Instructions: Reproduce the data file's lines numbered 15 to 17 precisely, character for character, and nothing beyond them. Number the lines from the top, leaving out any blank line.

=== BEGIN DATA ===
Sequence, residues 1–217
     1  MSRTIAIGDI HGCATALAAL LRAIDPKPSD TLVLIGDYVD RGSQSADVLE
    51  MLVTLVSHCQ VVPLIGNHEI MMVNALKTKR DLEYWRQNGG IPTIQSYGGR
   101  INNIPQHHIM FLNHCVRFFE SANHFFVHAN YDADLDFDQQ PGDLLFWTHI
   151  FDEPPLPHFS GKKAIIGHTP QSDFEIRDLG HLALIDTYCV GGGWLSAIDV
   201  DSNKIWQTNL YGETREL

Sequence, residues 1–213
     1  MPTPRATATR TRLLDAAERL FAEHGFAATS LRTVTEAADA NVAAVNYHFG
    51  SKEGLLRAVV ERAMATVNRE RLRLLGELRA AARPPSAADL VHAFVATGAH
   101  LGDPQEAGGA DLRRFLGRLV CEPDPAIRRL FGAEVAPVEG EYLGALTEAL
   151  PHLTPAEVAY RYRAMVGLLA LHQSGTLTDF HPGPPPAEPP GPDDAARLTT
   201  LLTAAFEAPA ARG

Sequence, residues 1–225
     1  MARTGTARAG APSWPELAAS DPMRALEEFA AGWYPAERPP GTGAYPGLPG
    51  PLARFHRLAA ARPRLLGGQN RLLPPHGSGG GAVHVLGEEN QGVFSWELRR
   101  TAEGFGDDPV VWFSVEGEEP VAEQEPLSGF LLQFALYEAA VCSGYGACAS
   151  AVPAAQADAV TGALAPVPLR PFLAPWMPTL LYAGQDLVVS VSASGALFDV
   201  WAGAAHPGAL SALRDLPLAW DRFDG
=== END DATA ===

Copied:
    51  PLARFHRLAA ARPRLLGGQN RLLPPHGSGG GAVHVLGEEN QGVFSWELRR
   101  TAEGFGDDPV VWFSVEGEEP VAEQEPLSGF LLQFALYEAA VCSGYGACAS
   151  AVPAAQADAV TGALAPVPLR PFLAPWMPTL LYAGQDLVVS VSASGALFDV